34. Last Word: Fairgrounds Early Reveal, Campbell Clinic Expands and Medical Pot -

The season settles in for the Grizz and opponents adjust to the team’s post Grit n Grind strategy. So it was the Magic over the Grizz Wednesday at the Forum 101 – 99. As that was happening, the Houston Astros were winning the seventh and final game of the World Series, once known as the October classic that has once again ended on November 1. Compounding this heresy, did you think I wouldn’t notice that the Astros are no longer a National League team. TRADITION.

35. Package Wars: Postal Service Offers Next-Day Sunday Delivery -

WASHINGTON (AP) – As consumers demand ever-quicker and convenient package delivery, the U.S. Postal Service wants to boost its business this holiday season by offering what few e-commerce retailers can provide: cheap next-day service with packages delivered Sundays to your home.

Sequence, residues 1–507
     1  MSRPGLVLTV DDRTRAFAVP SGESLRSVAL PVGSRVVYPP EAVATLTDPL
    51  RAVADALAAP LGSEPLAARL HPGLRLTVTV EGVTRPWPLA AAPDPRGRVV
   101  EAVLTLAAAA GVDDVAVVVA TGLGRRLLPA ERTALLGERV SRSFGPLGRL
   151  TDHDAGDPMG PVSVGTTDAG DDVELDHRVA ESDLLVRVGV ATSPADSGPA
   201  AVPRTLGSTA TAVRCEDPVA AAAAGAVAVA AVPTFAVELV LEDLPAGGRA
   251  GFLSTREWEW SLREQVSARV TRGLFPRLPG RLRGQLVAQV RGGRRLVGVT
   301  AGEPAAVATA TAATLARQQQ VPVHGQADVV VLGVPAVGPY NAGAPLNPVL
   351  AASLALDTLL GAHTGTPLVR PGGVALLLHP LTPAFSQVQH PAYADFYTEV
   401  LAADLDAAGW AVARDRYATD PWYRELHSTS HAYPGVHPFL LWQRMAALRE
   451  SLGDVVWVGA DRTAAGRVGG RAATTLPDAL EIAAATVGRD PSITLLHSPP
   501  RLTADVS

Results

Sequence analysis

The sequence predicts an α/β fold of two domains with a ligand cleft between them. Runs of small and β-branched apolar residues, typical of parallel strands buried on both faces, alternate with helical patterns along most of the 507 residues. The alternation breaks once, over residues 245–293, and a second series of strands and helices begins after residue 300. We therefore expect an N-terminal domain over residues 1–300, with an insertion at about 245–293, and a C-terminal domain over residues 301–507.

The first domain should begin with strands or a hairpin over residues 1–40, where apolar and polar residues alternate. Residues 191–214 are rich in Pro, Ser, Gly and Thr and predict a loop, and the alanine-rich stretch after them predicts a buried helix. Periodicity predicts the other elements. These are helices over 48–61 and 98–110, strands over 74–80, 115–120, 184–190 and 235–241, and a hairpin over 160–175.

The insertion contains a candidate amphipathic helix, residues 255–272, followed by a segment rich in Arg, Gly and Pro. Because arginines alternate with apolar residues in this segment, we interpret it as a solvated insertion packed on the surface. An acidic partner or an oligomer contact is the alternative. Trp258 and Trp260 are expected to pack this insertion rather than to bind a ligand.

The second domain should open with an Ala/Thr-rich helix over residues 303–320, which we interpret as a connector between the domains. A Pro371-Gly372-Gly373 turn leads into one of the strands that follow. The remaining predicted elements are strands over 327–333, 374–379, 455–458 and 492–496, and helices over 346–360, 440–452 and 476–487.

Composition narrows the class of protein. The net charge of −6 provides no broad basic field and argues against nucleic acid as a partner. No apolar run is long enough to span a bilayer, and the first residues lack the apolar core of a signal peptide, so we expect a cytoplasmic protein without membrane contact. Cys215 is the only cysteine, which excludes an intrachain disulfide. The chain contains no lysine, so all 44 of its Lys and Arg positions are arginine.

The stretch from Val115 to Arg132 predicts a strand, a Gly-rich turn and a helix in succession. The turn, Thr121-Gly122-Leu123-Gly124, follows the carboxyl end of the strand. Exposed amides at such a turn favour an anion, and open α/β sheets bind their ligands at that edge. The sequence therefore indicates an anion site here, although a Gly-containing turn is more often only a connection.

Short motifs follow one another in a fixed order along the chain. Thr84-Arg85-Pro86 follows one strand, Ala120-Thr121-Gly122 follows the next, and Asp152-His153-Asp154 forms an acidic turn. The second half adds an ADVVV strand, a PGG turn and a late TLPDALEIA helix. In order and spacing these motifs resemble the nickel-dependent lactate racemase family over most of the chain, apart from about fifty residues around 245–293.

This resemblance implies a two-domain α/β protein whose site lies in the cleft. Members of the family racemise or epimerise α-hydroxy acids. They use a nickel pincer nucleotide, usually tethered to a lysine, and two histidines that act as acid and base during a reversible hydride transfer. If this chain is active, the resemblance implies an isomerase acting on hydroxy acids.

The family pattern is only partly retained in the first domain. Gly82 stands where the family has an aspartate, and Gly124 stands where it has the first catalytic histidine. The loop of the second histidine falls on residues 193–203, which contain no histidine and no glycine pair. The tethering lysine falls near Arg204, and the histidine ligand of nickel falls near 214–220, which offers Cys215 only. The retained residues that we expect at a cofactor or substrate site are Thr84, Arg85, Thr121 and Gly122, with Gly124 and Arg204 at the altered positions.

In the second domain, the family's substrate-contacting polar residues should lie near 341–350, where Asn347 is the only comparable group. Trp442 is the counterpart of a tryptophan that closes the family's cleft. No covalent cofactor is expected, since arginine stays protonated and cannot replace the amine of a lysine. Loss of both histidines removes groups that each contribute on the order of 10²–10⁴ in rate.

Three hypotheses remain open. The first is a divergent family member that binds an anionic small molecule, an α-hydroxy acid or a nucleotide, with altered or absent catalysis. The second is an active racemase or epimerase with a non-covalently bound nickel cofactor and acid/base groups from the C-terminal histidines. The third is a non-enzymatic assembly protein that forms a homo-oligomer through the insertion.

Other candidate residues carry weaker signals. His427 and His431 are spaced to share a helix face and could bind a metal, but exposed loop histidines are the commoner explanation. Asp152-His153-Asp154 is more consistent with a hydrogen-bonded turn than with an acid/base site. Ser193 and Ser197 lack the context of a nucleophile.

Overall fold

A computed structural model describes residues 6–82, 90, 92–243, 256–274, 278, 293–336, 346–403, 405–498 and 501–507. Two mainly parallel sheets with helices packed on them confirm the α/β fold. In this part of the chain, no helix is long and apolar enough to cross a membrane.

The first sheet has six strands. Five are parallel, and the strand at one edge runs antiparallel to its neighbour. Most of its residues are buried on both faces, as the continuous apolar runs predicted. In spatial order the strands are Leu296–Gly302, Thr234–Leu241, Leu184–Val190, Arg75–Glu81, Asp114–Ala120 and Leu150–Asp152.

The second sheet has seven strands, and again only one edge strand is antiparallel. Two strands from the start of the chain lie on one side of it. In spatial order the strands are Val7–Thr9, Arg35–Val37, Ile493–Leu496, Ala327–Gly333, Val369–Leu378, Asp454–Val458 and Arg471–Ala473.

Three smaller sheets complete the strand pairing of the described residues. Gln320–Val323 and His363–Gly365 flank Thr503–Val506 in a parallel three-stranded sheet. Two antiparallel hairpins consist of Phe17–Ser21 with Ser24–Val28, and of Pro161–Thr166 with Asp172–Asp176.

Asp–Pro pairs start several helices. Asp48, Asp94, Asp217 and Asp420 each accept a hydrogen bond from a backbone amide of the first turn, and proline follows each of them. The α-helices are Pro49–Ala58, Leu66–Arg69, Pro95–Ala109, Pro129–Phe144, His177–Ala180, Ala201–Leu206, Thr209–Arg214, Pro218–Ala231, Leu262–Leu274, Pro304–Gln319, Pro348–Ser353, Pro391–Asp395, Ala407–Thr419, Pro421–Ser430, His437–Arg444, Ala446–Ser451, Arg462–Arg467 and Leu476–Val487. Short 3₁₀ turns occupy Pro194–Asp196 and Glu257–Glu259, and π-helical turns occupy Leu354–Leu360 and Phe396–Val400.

36. Run Women Run -

In 2018, Shelby County voters will be presented with a long ballot as candidates compete for most county offices, many school board and suburban government positions and congressional and legislative seats.

37. Last Word: Black & Boyd, SCS Refuses State Order and Opening Tigers Basketball -

There were already some sparks between U.S. Rep. Diane Black and former Tennessee Commissioner of Economic and Community Development Randy Boyd in the Republican primary for Governor. They were evident at the Oct. 20 forum among the six declared GOP candidates here when the Tennessee Federation of Republican Women met. Black went after Boyd Tuesday and the back and forth suggests at this very early stage this is turning into a race between these two.

38. Black Launches Latest Broadside in Tennessee Governor's Race -

NASHVILLE, Tenn. (AP) – U.S. Rep. Diane Black's gubernatorial campaign is taking aim at Republican rival Randy Boyd, launching a broadside Tuesday at the former member of Gov. Bill Haslam's Cabinet for everything from his running attire to what the congresswoman decries as his moderate record.

39. Railroad Sues Over Millions of Rail Ties It Calls Defective -